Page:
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#3690: Campaign for return of FRAPH/FADH papers: update
May 18, 2000
First of all, welcome to everyone new to the Campaign for the Return of
the FRAPH/FADH Documents. The Campaign, launched by Haitian grassroots
organizations, with supporters in over 40 countries, demands the return of
approximately 160,000 pages of documents (including "trophy photos" of human
rights victims with their torturers, as well as video and audiocassettes)
removed from Haitian military and paramilitary offices by U.S. troops in
1994. These documents are the legal property of Haiti under Haitian, U.S.
and international law. They are important for Haitians to establish the
truth about the 1991-94 military dictatorship, and to prepare cases against
those responsible for the regime's human rights violations.
I. UN Human Rights Commission
We have some good news. The UN Human Rights Commission took up the issue
of the Documents on April 19. Adama Dieng, the Commission's Independent,
Expert, made the Documents his first order of business, vowing that "I will
not lie down on this question that preoccupies the government of Haiti and
mobilizes human rights defenders alike in Haiti, the U.S., Canada, Europe and
Africa." He noted the centrality of the Documents to Haiti's fight against
impunity, and ended his speech asserting that Jean Dominique lives on: "he is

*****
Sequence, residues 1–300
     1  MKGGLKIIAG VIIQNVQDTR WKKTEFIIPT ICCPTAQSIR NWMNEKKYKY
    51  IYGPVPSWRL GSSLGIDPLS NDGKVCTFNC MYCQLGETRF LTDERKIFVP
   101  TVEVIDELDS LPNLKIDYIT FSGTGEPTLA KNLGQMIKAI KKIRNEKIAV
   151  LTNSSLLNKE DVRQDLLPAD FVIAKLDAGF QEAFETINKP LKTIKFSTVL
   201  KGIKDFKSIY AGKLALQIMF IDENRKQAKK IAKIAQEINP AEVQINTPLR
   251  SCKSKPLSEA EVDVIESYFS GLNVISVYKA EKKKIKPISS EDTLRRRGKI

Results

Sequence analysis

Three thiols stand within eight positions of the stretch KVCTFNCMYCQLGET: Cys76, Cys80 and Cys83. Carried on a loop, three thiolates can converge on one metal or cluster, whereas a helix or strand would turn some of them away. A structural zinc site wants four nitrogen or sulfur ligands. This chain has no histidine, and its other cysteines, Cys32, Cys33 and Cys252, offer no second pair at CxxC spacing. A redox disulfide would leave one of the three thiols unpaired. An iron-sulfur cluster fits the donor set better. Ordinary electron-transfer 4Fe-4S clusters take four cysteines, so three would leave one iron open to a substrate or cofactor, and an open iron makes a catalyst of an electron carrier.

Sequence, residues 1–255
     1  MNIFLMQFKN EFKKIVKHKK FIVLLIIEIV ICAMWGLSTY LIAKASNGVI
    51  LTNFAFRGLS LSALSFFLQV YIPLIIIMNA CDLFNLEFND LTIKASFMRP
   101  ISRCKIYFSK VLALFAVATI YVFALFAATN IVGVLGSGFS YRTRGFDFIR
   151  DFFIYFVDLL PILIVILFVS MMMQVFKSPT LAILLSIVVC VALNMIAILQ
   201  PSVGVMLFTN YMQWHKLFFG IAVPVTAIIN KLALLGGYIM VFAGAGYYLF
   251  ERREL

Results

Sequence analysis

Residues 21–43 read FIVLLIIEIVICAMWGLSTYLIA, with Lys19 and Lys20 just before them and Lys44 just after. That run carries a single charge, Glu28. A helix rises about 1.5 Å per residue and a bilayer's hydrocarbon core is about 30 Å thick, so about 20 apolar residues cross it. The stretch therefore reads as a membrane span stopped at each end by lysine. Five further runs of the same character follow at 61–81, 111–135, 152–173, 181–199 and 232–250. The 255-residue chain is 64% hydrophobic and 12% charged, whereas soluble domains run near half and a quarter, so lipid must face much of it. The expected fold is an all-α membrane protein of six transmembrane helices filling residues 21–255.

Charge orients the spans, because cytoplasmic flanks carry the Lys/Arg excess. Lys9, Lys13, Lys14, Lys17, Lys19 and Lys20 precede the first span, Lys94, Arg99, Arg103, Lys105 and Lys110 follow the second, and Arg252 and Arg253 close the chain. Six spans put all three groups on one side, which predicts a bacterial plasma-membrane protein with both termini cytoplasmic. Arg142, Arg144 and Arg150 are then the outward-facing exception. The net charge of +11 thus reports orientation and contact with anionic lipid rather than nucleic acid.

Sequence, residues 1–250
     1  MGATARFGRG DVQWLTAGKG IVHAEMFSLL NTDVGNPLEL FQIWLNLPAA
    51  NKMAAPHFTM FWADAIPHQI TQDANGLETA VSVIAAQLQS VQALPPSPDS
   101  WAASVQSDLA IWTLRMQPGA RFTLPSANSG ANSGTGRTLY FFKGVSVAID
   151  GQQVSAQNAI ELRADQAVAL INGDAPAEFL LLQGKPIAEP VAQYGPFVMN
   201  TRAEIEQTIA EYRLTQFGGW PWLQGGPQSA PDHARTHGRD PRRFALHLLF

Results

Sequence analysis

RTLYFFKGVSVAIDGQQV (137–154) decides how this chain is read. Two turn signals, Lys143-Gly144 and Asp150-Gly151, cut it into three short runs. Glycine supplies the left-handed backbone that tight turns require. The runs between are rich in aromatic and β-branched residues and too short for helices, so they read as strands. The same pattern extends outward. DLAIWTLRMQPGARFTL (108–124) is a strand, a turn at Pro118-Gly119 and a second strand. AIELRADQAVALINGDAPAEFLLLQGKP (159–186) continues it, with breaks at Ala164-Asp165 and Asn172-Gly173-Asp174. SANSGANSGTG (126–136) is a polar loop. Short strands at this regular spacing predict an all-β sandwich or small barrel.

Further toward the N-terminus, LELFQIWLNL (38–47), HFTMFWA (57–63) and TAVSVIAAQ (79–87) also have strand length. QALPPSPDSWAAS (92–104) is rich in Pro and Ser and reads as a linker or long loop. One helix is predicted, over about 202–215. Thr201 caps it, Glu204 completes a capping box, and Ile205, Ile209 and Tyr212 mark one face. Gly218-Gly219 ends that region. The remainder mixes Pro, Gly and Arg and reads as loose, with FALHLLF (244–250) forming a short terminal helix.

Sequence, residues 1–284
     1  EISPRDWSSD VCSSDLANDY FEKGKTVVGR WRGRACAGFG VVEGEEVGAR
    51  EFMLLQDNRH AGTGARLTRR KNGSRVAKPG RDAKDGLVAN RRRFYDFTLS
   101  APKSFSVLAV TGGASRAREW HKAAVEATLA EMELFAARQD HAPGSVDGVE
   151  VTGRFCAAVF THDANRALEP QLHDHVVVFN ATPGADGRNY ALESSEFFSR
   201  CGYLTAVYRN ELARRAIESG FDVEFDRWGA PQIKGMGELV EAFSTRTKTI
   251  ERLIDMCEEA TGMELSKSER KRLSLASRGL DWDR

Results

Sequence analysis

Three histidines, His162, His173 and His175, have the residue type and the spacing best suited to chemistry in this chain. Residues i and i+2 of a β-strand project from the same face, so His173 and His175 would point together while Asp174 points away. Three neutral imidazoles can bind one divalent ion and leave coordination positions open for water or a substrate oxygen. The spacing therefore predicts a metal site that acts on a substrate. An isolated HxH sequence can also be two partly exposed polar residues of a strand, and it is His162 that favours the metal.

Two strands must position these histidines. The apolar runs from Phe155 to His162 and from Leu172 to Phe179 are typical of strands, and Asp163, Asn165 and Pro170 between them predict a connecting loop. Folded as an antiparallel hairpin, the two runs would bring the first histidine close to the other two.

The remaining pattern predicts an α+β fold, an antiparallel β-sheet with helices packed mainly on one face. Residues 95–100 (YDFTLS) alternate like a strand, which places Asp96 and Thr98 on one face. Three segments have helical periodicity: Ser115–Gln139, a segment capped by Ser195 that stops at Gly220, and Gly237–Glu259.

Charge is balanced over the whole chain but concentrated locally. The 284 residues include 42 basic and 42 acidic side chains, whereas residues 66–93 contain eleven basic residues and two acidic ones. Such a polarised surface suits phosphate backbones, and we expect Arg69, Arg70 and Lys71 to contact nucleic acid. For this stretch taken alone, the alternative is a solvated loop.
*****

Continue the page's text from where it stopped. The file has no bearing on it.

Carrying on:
in the voice of all the Haitians in love with justice and liberty; he is in
the voice of the human rights defender who proclaims, from the back of this
room, his horror of human rights violations in such-and-such a country, he is
in the resolution that the Human Rights Commission will adopt to look after
the safeguard of fundamental liberties in Haiti and for the return of the
FRAPH/FADH documents for which he always fought." Wish we could have been
Joseph Antonio, Haiti's Permanent Representative to the Commission, noted
in his statement to the Commission, that Haiti's fight against impunity
required international cooperation, and insisted on the U.S.' obligation to
return the Documents, in their integrality, without any falsification.
As Mr. Dieng noted, he had persisted for years in bringing the Documents
issue in front of the Commission itself and the U.N. General Assembly. Each
time his proposed resolution regarding the Documents was not allowed to reach
the floor for a vote. This time, he got halfway there. The Commission was
not allowed to vote on a resolution naming the U.S. and the Documents, but
did pass a resolution requesting "all interested Governments to make
available to the Government of Haiti information and documentation to enable
it to prosecute the perpetrators of human rights violations...." The
Commission also reiterated the recommendations of Mr. Dieng regarding the
fight against impunity, which include his statement on the Documents. If the
Documents have not been returned by the Commission's next session, we hope
that its members will insist on even stronger language.
The statements of Adama Dieng and Joseph Antonio, as well as the
Commission's resolution, are available on the website.
II. Amnesty International Report